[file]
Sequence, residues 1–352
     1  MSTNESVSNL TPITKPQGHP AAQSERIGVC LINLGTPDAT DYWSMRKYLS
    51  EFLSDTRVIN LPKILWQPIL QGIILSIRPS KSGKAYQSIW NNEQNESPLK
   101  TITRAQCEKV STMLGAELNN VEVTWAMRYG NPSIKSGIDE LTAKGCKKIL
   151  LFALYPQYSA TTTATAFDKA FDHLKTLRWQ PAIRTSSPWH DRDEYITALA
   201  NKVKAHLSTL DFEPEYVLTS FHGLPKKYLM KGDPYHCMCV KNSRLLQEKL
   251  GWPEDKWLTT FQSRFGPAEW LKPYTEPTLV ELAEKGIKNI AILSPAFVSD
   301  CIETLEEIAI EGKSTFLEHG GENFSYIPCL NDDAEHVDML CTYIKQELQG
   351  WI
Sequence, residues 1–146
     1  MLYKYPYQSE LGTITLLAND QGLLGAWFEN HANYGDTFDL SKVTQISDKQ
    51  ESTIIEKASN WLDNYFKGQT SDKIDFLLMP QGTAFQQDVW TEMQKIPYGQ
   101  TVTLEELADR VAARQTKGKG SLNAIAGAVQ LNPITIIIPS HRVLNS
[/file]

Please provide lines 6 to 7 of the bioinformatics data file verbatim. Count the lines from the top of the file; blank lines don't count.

   201  NKVKAHLSTL DFEPEYVLTS FHGLPKKYLM KGDPYHCMCV KNSRLLQEKL
   251  GWPEDKWLTT FQSRFGPAEW LKPYTEPTLV ELAEKGIKNI AILSPAFVSD